Film at Westernport, 1981
Westernport Film Service Used by Many in Area
"Football Follies" and "Football Funnies" are some of the favorite 16mm films Westernport Library patrons check out, according to Pat Welch.
When people requests films for programs, classes, or entertainment at home, Mrs. Welch or head librarian Eleanor Laffey order them. They have two sources: Western Maryland Library and the Enoch Pratt Library in Baltimore.
Usually two weeks' notice is required for the Pratt Library.
"Teachers from as far away as Burlington, Elk Garden, Grantsville and Oakland have used the film service," according to Mrs. Welch.
Dot Rowe of the Westernport Elementary School says it's "commendable" that the service is available in this area.
"I order films in June for the whole next year, planning my curriculum with them in mind," she says. At times, the librarians will suggest to Ms. Rowe that she use a film. She takes them up on the offer.
"I get books to supplement the schoolwork. Recently, they sent me 75 books concerning mice. They're nice enough to pull them off the shelf when asked," said Mrs. Rowe.
For literature and reading, Learning Corporation and McMillan Company make films that are "tops" in Rowe's book. She gets those from the Westernport Library and looks for "child-oriented" material.
Sue Raines, a McCoole Elementary teacher, uses the films from Westernport's Library. "They have more of the Walt Disney type pictures than the Media Center operated by Allegany County's School Board," she noted. "A lot of the films they have available do relate to units of study at McCoole, she said.
Some of the other teachers have borrowed films from her, as have the Westernport teachers when they found out Mrs. Rowe had quality films.
Jim McLucas, Keyser High teacher and Classic Film Seminar sponsor, shows films from the Westernport Library in a 40-minute club period. "As soon as the bell rings, we start the films," comments McLucas, who prefers "Laurel and Hardy" and "Little Rascal" classics to the more serious themes.
"The service at Westernport is phenomenal," says McLucas. "The film quality is tremendous."
The films can be checked out for non-theatrical purposes (meaning you can't charge admission when showing them).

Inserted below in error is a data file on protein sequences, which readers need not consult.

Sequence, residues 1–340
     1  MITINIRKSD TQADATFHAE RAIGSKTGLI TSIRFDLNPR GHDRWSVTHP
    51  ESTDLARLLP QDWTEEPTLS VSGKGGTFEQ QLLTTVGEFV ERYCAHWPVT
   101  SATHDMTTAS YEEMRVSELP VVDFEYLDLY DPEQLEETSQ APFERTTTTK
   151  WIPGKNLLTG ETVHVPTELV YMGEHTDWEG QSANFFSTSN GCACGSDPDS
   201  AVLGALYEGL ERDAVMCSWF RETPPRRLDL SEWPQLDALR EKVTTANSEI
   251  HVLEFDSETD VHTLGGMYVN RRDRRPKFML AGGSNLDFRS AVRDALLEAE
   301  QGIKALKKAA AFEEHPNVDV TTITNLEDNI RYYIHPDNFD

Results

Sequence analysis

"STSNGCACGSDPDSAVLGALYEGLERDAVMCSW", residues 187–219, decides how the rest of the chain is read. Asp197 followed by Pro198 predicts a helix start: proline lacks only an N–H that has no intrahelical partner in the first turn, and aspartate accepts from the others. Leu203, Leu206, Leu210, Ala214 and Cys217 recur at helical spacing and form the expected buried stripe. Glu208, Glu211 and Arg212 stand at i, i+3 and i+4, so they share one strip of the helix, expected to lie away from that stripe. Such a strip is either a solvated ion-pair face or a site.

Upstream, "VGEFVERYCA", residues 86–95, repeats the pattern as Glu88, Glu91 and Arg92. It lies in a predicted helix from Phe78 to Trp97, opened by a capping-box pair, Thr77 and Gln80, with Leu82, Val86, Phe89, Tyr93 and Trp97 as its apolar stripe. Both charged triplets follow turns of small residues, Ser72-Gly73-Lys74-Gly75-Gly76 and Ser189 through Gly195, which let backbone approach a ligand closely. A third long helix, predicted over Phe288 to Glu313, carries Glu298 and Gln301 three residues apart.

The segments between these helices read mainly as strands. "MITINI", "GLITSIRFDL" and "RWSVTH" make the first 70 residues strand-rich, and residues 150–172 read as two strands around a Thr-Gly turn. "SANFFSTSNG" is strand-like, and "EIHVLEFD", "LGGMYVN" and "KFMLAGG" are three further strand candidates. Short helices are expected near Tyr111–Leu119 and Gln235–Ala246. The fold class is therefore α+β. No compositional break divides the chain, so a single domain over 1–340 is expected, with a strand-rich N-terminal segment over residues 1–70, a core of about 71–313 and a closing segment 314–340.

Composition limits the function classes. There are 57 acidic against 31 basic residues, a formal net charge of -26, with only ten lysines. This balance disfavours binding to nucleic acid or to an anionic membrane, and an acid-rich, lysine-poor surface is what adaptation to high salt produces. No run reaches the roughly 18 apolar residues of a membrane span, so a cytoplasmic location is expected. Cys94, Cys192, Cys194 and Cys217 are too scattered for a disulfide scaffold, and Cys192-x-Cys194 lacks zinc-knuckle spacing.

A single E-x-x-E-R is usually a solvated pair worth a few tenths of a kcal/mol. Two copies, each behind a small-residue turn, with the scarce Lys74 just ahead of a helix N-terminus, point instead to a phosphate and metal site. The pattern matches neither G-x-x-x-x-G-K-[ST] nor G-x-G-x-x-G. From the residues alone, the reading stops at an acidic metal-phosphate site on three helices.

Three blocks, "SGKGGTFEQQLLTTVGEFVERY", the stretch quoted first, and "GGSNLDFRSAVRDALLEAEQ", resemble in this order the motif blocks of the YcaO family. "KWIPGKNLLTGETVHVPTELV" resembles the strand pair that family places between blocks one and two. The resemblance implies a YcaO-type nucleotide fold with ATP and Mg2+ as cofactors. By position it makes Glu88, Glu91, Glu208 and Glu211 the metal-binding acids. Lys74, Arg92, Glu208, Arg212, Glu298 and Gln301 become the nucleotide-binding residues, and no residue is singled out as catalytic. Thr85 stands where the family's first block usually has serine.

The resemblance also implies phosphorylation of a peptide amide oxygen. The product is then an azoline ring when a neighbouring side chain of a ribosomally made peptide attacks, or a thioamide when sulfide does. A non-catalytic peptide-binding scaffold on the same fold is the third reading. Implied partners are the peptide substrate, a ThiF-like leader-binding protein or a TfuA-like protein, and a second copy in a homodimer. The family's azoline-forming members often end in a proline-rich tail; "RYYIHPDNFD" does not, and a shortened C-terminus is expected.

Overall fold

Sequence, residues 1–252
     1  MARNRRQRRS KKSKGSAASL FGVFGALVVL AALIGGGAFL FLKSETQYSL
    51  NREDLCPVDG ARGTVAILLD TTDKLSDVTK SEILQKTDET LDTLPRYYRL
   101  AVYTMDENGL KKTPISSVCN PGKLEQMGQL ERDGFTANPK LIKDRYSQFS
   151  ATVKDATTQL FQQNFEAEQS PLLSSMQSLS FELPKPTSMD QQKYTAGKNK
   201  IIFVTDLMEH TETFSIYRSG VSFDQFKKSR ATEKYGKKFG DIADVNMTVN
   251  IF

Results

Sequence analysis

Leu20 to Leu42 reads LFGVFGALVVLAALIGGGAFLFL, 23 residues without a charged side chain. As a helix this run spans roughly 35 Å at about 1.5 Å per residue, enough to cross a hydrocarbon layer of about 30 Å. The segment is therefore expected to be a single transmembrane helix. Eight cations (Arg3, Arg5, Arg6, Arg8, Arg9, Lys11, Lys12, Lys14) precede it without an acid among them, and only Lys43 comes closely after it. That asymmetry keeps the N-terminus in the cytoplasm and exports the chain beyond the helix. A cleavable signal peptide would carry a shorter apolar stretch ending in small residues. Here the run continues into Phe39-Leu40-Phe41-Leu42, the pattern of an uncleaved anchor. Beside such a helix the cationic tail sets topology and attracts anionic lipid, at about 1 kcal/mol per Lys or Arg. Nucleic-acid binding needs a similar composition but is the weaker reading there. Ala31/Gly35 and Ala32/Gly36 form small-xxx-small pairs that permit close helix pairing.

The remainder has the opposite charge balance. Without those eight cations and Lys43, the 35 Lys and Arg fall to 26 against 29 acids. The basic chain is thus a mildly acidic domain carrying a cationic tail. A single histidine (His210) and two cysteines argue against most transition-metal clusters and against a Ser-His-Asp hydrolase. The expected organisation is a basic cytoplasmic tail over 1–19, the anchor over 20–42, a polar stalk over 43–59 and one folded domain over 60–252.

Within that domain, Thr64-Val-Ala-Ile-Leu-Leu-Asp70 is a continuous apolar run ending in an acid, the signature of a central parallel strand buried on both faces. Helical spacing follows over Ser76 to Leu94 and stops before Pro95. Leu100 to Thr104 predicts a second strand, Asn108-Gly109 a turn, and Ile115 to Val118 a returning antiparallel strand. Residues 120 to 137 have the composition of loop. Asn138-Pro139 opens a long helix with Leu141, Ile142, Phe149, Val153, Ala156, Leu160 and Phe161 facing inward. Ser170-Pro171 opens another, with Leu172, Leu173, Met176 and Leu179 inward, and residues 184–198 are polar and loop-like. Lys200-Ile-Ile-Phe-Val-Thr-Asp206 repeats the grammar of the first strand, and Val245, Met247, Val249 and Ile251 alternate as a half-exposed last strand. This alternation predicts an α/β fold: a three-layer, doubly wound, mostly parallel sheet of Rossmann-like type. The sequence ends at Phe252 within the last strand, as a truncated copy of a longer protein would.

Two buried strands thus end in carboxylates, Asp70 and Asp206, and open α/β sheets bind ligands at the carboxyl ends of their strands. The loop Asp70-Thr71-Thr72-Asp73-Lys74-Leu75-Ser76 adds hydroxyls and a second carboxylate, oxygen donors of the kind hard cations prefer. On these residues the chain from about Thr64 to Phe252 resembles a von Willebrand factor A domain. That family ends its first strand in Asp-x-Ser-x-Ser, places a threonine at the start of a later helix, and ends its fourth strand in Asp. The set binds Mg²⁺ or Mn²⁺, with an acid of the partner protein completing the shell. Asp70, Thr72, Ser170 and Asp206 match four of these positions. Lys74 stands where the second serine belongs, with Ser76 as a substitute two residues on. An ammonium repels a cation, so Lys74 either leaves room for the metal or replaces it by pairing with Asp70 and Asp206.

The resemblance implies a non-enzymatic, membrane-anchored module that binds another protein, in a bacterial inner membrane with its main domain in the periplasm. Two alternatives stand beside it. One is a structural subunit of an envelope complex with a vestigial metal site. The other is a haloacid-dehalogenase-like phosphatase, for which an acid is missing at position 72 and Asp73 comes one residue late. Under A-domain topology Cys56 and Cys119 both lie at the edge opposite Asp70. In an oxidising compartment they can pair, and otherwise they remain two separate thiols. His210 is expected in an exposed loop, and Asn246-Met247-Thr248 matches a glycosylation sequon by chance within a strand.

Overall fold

McLucas has had a film club at the school for several years now.
School teachers use the films quite a bit, but residents of the area may borrow a projector overnight, take the film and enjoy the show.
A 16 mm and an 8 mm projector are available.
Forrest Boggs, a Bruce High teacher, looks to the educational aspect of films. He gets National Geographic films covering habitats, which he says are "excellent." Films can help get across conservation and family life subject matter, so Boggs checks those out from Westernport too.
Boggs has checked out films for personal use (summer time enjoyment) and occasionally for program matter for his fellow club members (Tri-Towns Lions Club, etc.).
The 16 mm films have to be ordered. There's a small number of 8 mm films, among the 50 or 60 divided up by the Western Maryland people. Among the branch libraries that provide the film service are Frostburg and LaVale. Teachers from Keyser Primary-Middle use those two branches on occasion, as well as Westernport.
Slides, records and filmstrips are also available (ask the librarian about lending terms).
News-Tribune, Keyser, WV
Westernport Library, through the cooperation of the Western Maryland Library and the Enoch Pratt Library in Baltimore, lends out films. Allen Helmick, left, took two to show at his New Creek home. The Potomac State student is one resident who enjoys the entertainment value of films not being shown in theatres. Teachers from area schools use the film service frequently (see story). Helmick is shown with Pat Welch, right, a worker at the Westernport Library.
Public libraries, Maryland, Allegany County; Allegany county Library System (Md.), Anniversaries.
Allegany County (Md,), 1960-2010